So here we are, in late 2014, long past the point where most of us would have given up on hearing anything but the occasional soundtrack appearance from Taylor, and he’s heading up the newly christened Steve Taylor & The Perfect Foil, who has independently released a record called Goliath, which kicks just about as much butt as its way-older predecessor. The band is made up of Taylor himself on lead vocals, former Newsboys drummer and lead singer Peter Furler, guitarist Jimmy Abegg (astute fans who came of age in the 80s and 90s might recognize him from Vector or Rich Mullins’ “Ragamuffin Band”), and bassist John Mark Painter (best known as one half of the duo Fleming & John. Those names are a total blast from the past – and I wasn’t quite cool enough to have been intimately familiar with most of those artists except for the Newsboys back in the day, but if you were really into the alternative side of Christian rock back then, this is probably a total dream team. It’s weird, because there’s enough musical edge and gleeful dissonance on this one to make me think it could have been put out in the late 90s and it wouldn’t have felt at all out of place, and yet it never seems dated or mindlessly nostalgic in the context of the 2010s. It’s probably because Taylor always liked to color outside the lines of what was trendy anyway, instead pulling inspiration from his own pantheon of offbeat influences from his own formative years.
Lyrically, Taylor hasn’t missed a beat either. The music is certainly a collaborative effort between some excellent players, but the lyrics are pretty much all Taylor, skewering such things as our laziness and herd mentality one minute, and then turning around and offering serious and somber thoughts on the undeserved grace of God and a semi-mischievous entertainer’s role within the music industry or the church body as a whole the next. At 39 minutes and change, these eleven tracks never seem to overstay their welcome, with the front half of the record in particular breezing right on by, definitely influence from the alt-rock philosophy of “make your point and then get the heck out of Dodge without making a lot of fuss about it”. A few tracks later on in the record get a little more space to breathe as they slowly unfold, so there’s a pretty decent balance between the hectic, harder-egded rock stuff, the deranged but danceable poppy stuff, and the more serious, meditative tracks that show up at the end and linger for a bit longer than what came before. The results are nearly perfect. The album never seems to drag when I listen to it, and despite the stylistic diversity and the sometimes chaotic sounds on display, none of it feels out of place. Taylor’s raspy ramblings may be a difficult taste to acquire if you’re not familiar with any of his work from back in the day, but since I spend a lot of my time nowadays listening to lush folk/rock-type acts and synth-heavy indie pop groups mining their childhood nostalgia for all it’s worth, this little hot potato of a record acts as the perfect counterpoint to all that. Hands down, it’s one of the best things to have come out in the year 2014. And I hope I’d have the good sense to recognize that even if I’d never heard a note of Taylor’s music before Goliath showed up.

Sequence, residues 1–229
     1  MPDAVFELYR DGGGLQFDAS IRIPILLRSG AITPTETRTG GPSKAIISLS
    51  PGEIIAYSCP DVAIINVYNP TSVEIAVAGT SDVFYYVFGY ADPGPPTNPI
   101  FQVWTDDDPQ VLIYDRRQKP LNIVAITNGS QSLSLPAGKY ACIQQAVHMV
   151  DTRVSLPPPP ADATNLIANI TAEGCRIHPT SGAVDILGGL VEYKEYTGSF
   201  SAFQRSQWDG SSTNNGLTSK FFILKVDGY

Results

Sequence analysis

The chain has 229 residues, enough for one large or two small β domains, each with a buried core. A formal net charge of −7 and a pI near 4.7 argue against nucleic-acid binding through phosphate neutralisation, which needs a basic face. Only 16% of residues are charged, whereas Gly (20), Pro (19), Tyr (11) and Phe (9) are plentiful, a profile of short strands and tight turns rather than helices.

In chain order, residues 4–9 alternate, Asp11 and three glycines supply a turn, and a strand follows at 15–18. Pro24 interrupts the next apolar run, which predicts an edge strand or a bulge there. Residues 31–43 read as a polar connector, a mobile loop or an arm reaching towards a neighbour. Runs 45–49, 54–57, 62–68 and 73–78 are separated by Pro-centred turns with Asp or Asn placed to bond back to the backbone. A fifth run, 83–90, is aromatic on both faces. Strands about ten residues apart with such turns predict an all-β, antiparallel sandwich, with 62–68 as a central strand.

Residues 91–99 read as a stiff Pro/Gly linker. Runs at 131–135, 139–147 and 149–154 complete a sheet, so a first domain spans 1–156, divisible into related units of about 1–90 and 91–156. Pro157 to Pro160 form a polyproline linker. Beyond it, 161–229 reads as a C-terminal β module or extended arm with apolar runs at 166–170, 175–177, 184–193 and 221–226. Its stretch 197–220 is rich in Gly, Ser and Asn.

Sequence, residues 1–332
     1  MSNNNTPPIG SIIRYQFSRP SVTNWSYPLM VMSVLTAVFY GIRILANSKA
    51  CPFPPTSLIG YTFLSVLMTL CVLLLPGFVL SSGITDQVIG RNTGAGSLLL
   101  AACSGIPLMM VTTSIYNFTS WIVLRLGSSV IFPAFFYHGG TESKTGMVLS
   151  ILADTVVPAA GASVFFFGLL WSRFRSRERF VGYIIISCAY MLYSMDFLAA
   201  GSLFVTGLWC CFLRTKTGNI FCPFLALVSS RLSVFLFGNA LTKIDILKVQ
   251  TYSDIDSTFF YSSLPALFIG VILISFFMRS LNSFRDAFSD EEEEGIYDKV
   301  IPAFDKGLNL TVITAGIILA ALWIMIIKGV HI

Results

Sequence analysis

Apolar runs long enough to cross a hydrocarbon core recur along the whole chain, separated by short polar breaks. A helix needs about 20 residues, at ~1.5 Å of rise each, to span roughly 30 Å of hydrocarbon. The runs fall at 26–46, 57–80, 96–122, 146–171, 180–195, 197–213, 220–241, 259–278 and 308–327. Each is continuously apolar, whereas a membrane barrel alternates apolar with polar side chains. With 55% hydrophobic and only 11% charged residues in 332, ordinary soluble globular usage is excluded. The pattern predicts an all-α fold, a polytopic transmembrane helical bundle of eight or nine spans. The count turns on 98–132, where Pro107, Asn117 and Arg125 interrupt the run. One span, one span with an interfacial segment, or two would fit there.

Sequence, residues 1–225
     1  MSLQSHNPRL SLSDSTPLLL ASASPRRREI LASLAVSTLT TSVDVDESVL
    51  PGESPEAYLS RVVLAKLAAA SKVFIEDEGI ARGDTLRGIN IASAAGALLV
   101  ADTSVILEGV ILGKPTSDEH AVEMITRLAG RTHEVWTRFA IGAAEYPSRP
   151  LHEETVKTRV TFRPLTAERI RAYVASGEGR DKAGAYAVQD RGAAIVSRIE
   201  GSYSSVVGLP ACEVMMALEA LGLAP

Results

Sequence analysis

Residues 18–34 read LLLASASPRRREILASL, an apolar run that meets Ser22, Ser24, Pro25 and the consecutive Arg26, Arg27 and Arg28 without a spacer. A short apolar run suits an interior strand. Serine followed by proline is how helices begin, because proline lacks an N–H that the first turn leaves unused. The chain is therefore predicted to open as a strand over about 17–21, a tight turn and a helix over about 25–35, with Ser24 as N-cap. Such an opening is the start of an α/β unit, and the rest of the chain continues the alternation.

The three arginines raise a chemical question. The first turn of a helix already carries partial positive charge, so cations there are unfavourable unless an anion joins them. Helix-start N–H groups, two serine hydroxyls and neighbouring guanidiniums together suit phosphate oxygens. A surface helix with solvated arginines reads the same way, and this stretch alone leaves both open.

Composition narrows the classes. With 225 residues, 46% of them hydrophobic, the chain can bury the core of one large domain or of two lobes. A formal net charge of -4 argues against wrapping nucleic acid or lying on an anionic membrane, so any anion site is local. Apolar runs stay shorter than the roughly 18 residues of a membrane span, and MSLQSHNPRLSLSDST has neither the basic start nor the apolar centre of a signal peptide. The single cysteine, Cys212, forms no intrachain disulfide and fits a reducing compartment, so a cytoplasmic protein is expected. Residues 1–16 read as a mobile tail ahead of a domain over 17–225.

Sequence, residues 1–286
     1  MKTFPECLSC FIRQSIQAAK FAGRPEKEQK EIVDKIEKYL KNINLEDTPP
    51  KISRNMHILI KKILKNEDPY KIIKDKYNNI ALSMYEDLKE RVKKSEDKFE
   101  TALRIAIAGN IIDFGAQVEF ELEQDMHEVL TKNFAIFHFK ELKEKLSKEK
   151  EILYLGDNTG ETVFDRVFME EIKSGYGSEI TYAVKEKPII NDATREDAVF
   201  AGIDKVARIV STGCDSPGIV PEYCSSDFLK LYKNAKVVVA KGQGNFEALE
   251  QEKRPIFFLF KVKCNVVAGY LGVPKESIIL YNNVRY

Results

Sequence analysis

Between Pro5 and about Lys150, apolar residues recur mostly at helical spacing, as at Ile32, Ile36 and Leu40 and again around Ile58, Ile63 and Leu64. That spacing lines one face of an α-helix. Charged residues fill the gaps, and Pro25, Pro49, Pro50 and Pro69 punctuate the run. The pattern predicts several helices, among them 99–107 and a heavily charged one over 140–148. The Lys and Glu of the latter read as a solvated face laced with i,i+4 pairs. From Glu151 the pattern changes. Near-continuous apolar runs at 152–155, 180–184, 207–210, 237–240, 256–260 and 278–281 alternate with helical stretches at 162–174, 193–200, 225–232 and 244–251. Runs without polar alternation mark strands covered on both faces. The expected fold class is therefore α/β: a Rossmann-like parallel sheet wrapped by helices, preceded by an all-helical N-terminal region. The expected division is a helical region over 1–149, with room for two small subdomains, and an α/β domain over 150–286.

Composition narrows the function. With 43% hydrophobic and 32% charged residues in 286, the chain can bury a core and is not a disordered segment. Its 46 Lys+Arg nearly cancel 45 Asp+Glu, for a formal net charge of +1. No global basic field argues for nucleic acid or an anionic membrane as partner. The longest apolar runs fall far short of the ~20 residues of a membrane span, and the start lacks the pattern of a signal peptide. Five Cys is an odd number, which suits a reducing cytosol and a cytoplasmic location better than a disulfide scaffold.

1. Only a Ride
I love pretty much everything about the lead single on this project, from it’s purposefully dissonant guitar riffs, to all of its manic yelps and yowls, to its rapidfire, barreling drums, to the way it crams so much into less than two and a half minutes of airtime and disappears as suddenly as it slammed its way into my consciousness. Here Taylor compares our attitude that we’re entitled to be entertained to a rollercoaster that’s… well, let’s say it’s just a little less than OSHA compliant. He insists it’s “only a ride” and it’s all in good fun but his screams of “Why am I bleeding?!” and “Where did my head go?!” suggest otherwise.
2. Double Negative